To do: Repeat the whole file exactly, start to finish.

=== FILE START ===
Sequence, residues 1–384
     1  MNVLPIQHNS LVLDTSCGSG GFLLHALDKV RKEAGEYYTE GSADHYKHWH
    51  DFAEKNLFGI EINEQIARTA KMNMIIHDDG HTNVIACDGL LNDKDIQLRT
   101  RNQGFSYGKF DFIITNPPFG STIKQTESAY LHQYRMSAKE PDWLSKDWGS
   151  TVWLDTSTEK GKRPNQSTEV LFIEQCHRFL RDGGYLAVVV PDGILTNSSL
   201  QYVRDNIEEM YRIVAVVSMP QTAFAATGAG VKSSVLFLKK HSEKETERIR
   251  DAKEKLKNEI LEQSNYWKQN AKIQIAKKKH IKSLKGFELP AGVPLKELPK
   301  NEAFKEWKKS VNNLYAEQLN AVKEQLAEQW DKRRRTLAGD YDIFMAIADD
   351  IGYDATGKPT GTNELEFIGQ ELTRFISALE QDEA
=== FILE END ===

Sequence, residues 1–384
     1  MNVLPIQHNS LVLDTSCGSG GFLLHALDKV RKEAGEYYTE GSADHYKHWH
    51  DFAEKNLFGI EINEQIARTA KMNMIIHDDG HTNVIACDGL LNDKDIQLRT
   101  RNQGFSYGKF DFIITNPPFG STIKQTESAY LHQYRMSAKE PDWLSKDWGS
   151  TVWLDTSTEK GKRPNQSTEV LFIEQCHRFL RDGGYLAVVV PDGILTNSSL
   201  QYVRDNIEEM YRIVAVVSMP QTAFAATGAG VKSSVLFLKK HSEKETERIR
   251  DAKEKLKNEI LEQSNYWKQN AKIQIAKKKH IKSLKGFELP AGVPLKELPK
   301  NEAFKEWKKS VNNLYAEQLN AVKEQLAEQW DKRRRTLAGD YDIFMAIADD
   351  IGYDATGKPT GTNELEFIGQ ELTRFISALE QDEA